This article is more than 1 year old

Widening access needs a collaborative funding approach

Fiona Ellison describes how innovative partnerships can help support students navigate the cost of living crisis.
This article is more than 1 year old

Fiona Ellison is the director of the Unite Foundation.

As the cost of living crisis really starts to bite students – particularly those from a widening access background – will be wondering whether they can actually afford to go to university.

We must not allow the cost of living crisis to deepen educational inequalities. As a sector we must work together to ensure that those who are least likely to access higher education are given additional support to get into, and then stay in, higher education. We need to look at creative ways to collaborate to meet our collectively held ambitions around widening participation and to ensure that we do not step back from social mobility and access and participation plans.

As Steve West highlighted at the recent UUK conference

The future must be based on collaboration, trust and co-creation that provides the platform for growth, productivity and value.

Partnerships in widening participation

Exploring how we can develop innovative partnerships built on shared values will be crucial in ensuring students from a widening participation background see that university is a viable option for them.

In John Blake’s recent speech outlining the OfS’ consultation on a new approach to regulating access and participation he talked about his “third aspiration is to see more and more impactful school-university partnership activity”. While this is important with ever-growing demands on schools we must not forget the role that the third sector can play in bridging the gap and supporting schools and universities to deliver on their widening participation ambitions.

And it can’t be left solely to the third sector. Meaningful collaboration is about ensuring each party has an equal stake in realising ambitions. Personally, I’m a fan of a collective impact approach. Large-scale social change comes from better cross-sector coordination rather than from the isolated intervention of individual organizations.

Much of this should be at the heart of the new work by OfS on access and participation – really looking at the reasons behind why there is a discrepancy in progression or completion and then, crucially, looking at evidence-based solutions to support that group of students to ensure equality of opportunity.

Two groups of students who are consistently under-represented in higher education are care-experienced students and those estranged from their families. Just 13 per cent of young adults who have been looked after for more than a year are in higher education by age 19, compared to 43 per cent of non-care experienced 19-year-olds.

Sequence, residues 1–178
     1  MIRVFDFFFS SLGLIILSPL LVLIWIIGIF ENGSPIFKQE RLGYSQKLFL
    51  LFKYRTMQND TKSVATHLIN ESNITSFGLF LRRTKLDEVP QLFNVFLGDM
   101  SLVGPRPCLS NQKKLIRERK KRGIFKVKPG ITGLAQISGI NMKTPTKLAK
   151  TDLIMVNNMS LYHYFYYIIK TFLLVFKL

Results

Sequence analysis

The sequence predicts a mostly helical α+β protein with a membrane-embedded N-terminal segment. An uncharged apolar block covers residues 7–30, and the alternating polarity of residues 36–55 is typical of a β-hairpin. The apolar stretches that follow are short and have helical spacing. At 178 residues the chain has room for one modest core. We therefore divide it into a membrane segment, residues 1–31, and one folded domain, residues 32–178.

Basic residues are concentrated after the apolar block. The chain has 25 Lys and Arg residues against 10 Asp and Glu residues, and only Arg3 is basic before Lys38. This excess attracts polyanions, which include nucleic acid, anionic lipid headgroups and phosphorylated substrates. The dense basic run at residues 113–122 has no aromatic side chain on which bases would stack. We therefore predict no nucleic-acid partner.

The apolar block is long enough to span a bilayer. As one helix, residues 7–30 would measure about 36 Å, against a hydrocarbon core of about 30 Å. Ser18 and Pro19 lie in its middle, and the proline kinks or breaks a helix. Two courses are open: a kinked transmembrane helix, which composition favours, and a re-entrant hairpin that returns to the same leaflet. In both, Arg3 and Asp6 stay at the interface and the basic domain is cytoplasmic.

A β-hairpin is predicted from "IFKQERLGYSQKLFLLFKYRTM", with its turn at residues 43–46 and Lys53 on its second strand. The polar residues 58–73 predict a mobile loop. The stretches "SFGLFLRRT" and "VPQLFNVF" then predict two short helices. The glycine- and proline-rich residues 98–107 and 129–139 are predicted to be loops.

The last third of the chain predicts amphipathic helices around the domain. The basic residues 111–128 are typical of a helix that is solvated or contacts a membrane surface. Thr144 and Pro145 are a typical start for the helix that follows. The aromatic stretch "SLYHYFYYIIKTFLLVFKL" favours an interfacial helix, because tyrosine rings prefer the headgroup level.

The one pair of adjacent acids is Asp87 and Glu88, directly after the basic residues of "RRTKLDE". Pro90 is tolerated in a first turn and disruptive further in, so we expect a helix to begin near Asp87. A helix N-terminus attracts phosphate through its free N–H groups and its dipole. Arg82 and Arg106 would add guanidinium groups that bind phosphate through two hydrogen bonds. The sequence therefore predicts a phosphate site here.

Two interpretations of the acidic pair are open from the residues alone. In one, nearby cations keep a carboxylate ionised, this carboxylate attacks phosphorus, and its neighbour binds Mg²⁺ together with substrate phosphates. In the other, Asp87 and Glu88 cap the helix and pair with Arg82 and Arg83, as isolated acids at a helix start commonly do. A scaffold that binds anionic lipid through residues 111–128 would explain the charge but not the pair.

United with unite

At the Unite Foundation, we recently announced our strategic ambition to significantly expand the number of accommodation scholarships for estranged or care-experienced students. Our data shows that the risk for these students is that without a safe and stable home they’re more likely to drop out in their first year and less likely to graduate with a good honours degree. To have a chance at changing these outcomes, we need to work collaboratively.

The Unite Foundation is launching a new funding opportunity, working with Astra Foundation & Dulverton Trust, to look for university partners interested in advancing care leaver and estranged student outcomes through accommodation scholarships. Creating a match funding opportunity whereby we will collectively be putting in two-thirds of pilot scholarship tenancy costs and selected university partners will provide the final one-third of that cost.

The support we get from our corporate donor, Unite Students, has enabled us to provide over 600 places to date, but more must be done to ensure that students are able to access scholarships and more universities see first-hand the impact on progression and completion rates for care experienced and estranged students.

We must all work to challenge our thinking and to broaden our collective understanding of how we can effectively widen access. We’re excited to have unlocked this funding, with more in the pipeline, too. You can find out more about the opportunity here.

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